J. L. BELL is a Massachusetts writer who specializes in (among other things) the start of the American Revolution in and around Boston. He is particularly interested in the experiences of children in 1765-75. He has published scholarly papers and popular articles for both children and adults. He was consultant for an episode of History Detectives, and contributed to a display at Minute Man National Historic Park.

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Saturday, September 05, 2020

The Power of Preserved Iconoclasm

Back in December 2015 I wrote several postings on incorporating the power of iconoclasm—the destruction of images—into historical monuments and commemorations.

Those thoughts were provoked by a talk by Wendy Bellion, author of Iconoclasm in New York: Revolution to Reenactment, who started with New Yorkers pulling down a statue of King George III after their first public reading of the Declaration of Independence.

Then, she noted, the city kept that plinth empty for decades, reenacted the destruction in ceremonies (which entailed creating new statues of George III), and collected and displayed the surviving bits of statuary. The remnants and recreations kept that destructive act and its meaning fresh in people’s eyes.

Incorporating the power of such iconoclasm is more than the one-time, permanent destruction of a statue or monument. It means finding a way to preserve the act of iconoclasm itself, thus recognizing the original object, the popular objections to it, and how society changed.

One of my favorite examples of this approach is in the Memorial Hall Museum in Deerfield, where updated cloth panels now hang over the original stone panels on a memorial to the 1704 raid on the town. Visitors can thus learn about that event, about how it was understood in the late 1800s, and about how we can view it today with added knowledge and multiple perspectives.

There are spontaneous examples of such iconoclasm, as when college students feathered a statue of Thomas Jefferson with Post-It notes registering their distaste with some aspects of his life. The result recognizes both Jefferson’s lasting importance and how he exploited other people. This year the plinth of the giant statue of Robert E. Lee in Richmond was likewise turned into an expression of community rejection of what Confederate general fought for.

Lasting iconoclasm can even be built into a monument from the start, as in the Saratoga Battle Monument, which has niches for four statues of American commanders but only three statues (of Horatio Gates, Philip Schuyler, and Daniel Morgan). Nearby is the Boot Monument, erected in 1887 in honor of an American general wounded in the Battle of Saratoga but never named on the stone. The missing man is Benedict Arnold, and the way he’s erased shows the national distaste for how he betrayed the Continental Army.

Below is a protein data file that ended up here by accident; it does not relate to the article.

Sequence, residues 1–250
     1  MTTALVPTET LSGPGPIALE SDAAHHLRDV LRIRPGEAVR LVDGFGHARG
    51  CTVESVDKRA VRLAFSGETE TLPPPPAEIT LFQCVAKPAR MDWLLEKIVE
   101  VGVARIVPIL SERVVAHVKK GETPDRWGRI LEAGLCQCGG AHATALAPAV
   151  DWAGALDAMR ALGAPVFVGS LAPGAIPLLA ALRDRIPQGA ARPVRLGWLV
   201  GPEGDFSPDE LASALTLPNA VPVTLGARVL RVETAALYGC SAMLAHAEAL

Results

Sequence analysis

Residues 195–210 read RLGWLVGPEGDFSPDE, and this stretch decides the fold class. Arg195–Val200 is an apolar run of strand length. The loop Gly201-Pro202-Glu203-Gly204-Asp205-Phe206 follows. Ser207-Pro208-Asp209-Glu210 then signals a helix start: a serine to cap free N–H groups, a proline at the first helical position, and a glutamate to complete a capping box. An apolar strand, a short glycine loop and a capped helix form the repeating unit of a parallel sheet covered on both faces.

Vulture just highlighted another example of monumental iconoclasm from Australia, an outdoor exhibit that ends this weekend. This year is the Sestercentennial of Capt. James Cook’s first landfall on Australia. Statues of him have become controversial not so much for what he himself did on that continent but for the imperial conquest that his arrival launched and the idea that he “discovered” and “claimed” an already populated continent.

As a response to that 250th anniversary, Nicholas Galanin, an Alaskan artist, dug a hole in a field on Cockatoo Island (shown above) that matches the prominent statue of Capt. Cook elsewhere in Sydney. The work is called “Shadow on the Land.” It’s also a symbolic grave for the monument. This work certainly doesn’t celebrate Cook, of course, but it can’t help but acknowledge his historic significance. Imagine it dug permanently at the foot of the actual statue.

Closer to home, the city of Charleston removed its large statue of slavery advocate John C. Calhoun and more recently pulled down the towering pillar it rested on. Segments of the granite column buried themselves in the ground. I believe the city has already started moving those stones away, but I think for a moment the spontaneous ruin formed a more powerful monument to historical change than anything the city could build in that spot.
COMING UP: What do we do with a problem like Faneuil?

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